Even though online classroom enrollment has increased by 25% in the past four years, a recent survey found that 78% of college students still value the in-class environment. Although 80% of students use technology while in class, only half of them felt that technology is essential to their education.
What does this all mean? As a millennial college student, I suspect it means that we love our technology, but even more, we value the up-close and personal interaction that you can only find in the traditional classroom.
Tommy Edison was born blind, but he hasn’t let that interfere with his ability to socialize with the world online, or for that matter, review movies. The following video demonstrates how Tommy uses Instagram to shoot and post photos for his followers.
It’s amazing to see how the web has become more accessible to visually impaired users. Special browsers and screen readers have enabled blind people to navigate the web via audio cues that explain what the webpage or app is displaying. But not all screen readers are user-friendly. Watching this video it’s painfully obvious that not all web developers have caught on.
Semantic coding is one way to ensure that content is accessible to everyone because it allows screen readers to correctly dictate the contents of a web page. In this type of coding, HTML mark up is used not for styling, but only for its intended purpose. For example, an <h1> header tag is only used for the most important page headline, and an <em> emphasis tag is only used to provide needed emphasis. In addition to semantic coding, alt properties that describe an image enable users to have a richer, more interactive experience. The American Foundation for the Blind also provides a set of guidelines for the designer/developer concerned with accessibility.
This art installation at Dulles International Airport displays messages related to peace from Buddhism, Christianity, Hinduism, Islam, and Sikhism. LED lights within the seven-foot-tall block form the words in a ticker-tape-like stream. It’s a thought-provoking island of tranquility within one of the nation’s busiest international airports.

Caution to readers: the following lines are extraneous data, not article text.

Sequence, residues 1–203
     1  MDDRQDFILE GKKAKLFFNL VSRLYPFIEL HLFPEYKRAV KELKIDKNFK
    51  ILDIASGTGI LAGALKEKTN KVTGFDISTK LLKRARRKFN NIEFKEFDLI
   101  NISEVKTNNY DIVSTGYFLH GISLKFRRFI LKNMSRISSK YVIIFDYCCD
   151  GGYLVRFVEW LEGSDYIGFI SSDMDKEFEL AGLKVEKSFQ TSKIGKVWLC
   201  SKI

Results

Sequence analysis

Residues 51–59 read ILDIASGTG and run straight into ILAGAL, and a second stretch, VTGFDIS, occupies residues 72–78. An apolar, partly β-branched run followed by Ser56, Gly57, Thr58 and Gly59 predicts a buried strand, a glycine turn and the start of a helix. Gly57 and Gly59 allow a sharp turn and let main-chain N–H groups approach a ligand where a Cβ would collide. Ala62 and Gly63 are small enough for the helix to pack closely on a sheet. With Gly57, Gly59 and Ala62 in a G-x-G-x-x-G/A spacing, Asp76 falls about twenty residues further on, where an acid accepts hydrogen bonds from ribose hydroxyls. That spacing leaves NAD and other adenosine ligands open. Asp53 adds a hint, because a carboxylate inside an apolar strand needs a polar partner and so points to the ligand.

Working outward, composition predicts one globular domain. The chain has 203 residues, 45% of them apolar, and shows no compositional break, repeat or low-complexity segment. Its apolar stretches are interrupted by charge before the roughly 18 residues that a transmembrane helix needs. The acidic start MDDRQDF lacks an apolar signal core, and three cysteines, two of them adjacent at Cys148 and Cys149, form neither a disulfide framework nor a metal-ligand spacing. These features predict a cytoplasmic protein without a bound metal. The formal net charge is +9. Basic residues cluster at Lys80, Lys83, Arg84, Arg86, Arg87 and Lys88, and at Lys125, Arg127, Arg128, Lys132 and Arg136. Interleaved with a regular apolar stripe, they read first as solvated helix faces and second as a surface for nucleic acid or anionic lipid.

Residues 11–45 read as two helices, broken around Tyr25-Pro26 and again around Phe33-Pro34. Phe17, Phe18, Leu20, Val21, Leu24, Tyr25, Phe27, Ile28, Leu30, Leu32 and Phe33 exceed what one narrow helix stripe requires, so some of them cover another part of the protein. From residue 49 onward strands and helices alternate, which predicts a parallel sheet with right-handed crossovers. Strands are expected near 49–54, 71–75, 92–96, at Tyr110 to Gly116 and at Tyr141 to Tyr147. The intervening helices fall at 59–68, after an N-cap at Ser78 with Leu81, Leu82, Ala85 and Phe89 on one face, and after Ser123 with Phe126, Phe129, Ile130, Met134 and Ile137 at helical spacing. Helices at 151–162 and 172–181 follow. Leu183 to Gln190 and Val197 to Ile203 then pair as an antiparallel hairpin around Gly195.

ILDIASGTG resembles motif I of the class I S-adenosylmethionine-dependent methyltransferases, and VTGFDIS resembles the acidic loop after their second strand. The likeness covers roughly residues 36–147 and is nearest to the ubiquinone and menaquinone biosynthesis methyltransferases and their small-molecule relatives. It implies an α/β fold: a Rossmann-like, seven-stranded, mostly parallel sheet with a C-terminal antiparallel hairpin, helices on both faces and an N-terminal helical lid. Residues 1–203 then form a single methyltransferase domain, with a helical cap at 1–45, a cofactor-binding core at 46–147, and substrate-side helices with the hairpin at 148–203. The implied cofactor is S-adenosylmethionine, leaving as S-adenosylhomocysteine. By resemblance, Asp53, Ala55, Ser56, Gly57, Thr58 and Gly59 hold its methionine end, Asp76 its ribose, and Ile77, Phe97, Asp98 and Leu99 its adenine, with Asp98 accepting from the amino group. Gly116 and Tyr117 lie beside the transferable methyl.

The Mexican studio Y&R was tasked with developing a series of public service announcements about child abuse for the Spanish organization ANAR. The problem they faced: how do you reach out to abused children without alerting the adult abuser as well? Their solution seamlessly integrates two messages into one poster, each tailored to the intended viewer.
Lenticular printing is not a new technology; it’s been used in an array of products to simulate motion, depth, or animation. What is striking about this campaign piece is the conceptual use of the technology. From the adult’s perspective the child in the ad appears unharmed, juxtaposted with a simple message, “A veces el maltrato infantile solo es visible para el niño que lo sufre” (At times child abuse is only visible to the child receiving the abuse.) This double entendre reinforces one concept and serves as a subtle warning for aggressors. From the child’s point of view an altered photo and message are revealed; the same child is depicted showing signs of abuse with the message “Si alguien te hace daño llámanos y te ayudanermos” (If someone is hurting you call us and we’ll help). Watch the following video for an explanation of how this is done.
Powerful imagery and a highly flexible template provide a framework for a wide range of materials we designed for Johns Hopkins’ new capital campaign, “Rising to the Challenge.” Shown are a foil embossed pocket folder, the overall case statement, case statements that are specific to each school and division, and one-page insert sheets. Many of these items are designed for print-on-demand so that gift officers can order the right number of brochures with their own contact information printed on them.
Photographer Charlie Crane’s book, Welcome to Pyongyang, contains a series of stunning large format photos of one of the world’s most secretive countries. Visitors to North Korea are accompanied at all times by state-assigned guides who escort you on carefully planned tours. How can you create under such tight restrictions? Crane’s solution is straightforward: “If there is no possibility of getting underneath the surface then the answer is to photograph the surface itself.” Even though the state has carefully controlled what outsiders can see, these remarkable images speak for themselves about life in the Hermit Kingdom.